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Canadian broadcasters wage labor war on the Web

Locked-out workers are laying plans for an independent online news site and hope to have articles up by next Monday.

Tech Industry
Locked-out workers for the Canadian Broadcasting Corp. are taking their labor battle onto the Web, vowing to produce a rival online news site.

A week after Canada's national broadcaster locked out its union workers, the journalists are laying plans for an independent online news site. The workers hope to have text articles and pictures up by next Monday, with a daily podcast by the following week.

"The goal is to provide taxpaying Canadians with the quality of news and information they expect from CBC journalists...as the lockout drags on," said Mark O'Neill, a CBC radio producer and one of the union members heading up the Web site effort.

The move is a modern update to a long-held tradition of journalists producing a "strike newspaper" in the midst of a labor dispute. The tentative name for the Web site is CBC Unplugged, though the workers have yet to fully launch the site. The workers do have a separate Web site with information about the labor dispute.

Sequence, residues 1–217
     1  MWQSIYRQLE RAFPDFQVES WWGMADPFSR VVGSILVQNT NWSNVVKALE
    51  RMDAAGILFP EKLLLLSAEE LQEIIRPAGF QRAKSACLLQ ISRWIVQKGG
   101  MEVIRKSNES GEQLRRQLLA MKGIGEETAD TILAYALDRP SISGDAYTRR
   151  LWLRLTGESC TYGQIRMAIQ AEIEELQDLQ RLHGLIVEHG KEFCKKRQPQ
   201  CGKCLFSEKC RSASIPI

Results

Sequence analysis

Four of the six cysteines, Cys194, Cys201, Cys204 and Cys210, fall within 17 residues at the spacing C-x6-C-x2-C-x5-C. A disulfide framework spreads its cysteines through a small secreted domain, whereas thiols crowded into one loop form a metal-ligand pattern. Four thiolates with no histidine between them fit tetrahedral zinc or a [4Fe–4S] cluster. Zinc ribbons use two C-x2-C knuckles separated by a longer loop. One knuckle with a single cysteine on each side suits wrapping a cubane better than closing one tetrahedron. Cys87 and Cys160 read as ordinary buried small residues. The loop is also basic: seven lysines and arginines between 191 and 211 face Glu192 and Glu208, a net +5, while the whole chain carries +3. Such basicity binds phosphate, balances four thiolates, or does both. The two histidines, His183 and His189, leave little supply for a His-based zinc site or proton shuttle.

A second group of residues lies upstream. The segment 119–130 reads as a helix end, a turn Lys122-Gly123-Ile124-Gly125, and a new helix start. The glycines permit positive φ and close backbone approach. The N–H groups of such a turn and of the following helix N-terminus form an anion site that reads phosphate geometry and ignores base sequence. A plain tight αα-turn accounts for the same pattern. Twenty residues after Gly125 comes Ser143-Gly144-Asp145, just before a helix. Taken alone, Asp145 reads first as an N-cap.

Meanwhile, CBC is also using the Web to wage its labor battle. A notice on its site says that "CBC is currently experiencing a labor disruption" and offers links to both the agency's negotiations site and another to its modified program schedule.

A CBC representative was not immediately available for comment.

O'Neill said that the union workers know they can't produce the same volume of 24-hour news that they can when they are at their day jobs. "It's a much more modest goal than that," he said.

Stories are being written and developers are hard at work developing the site, O'Neill said. Plus, he noted, this labor dispute could be the first example of broadcast journalists being able to produce their own content, thanks to the lowered cost of the gear needed to produce reports as well as the Internet as a distribution means.

"That's never been possible before," O'Neill said.

Already, some of the locked-out workers have started producing their own radio shows, which are being carried sporadically on a few Canadian university stations.

Even word of the workers' plans was communicated, not by a press release or other traditional means, but through various postings on the Internet, including a mention on a radio enthusiast's blog.

Striking newspaper workers have turned to the Web for at least a decade, including journalists in Seattle, San Francisco and Youngstown, Ohio. However, such efforts have typically augmented a print publication.

O'Neill readily acknowledges that all the technology in the world doesn't replace the picket line.

"The old-fashioned picket line is still the core of the strategy," O'Neill said. "This is a complement to that."

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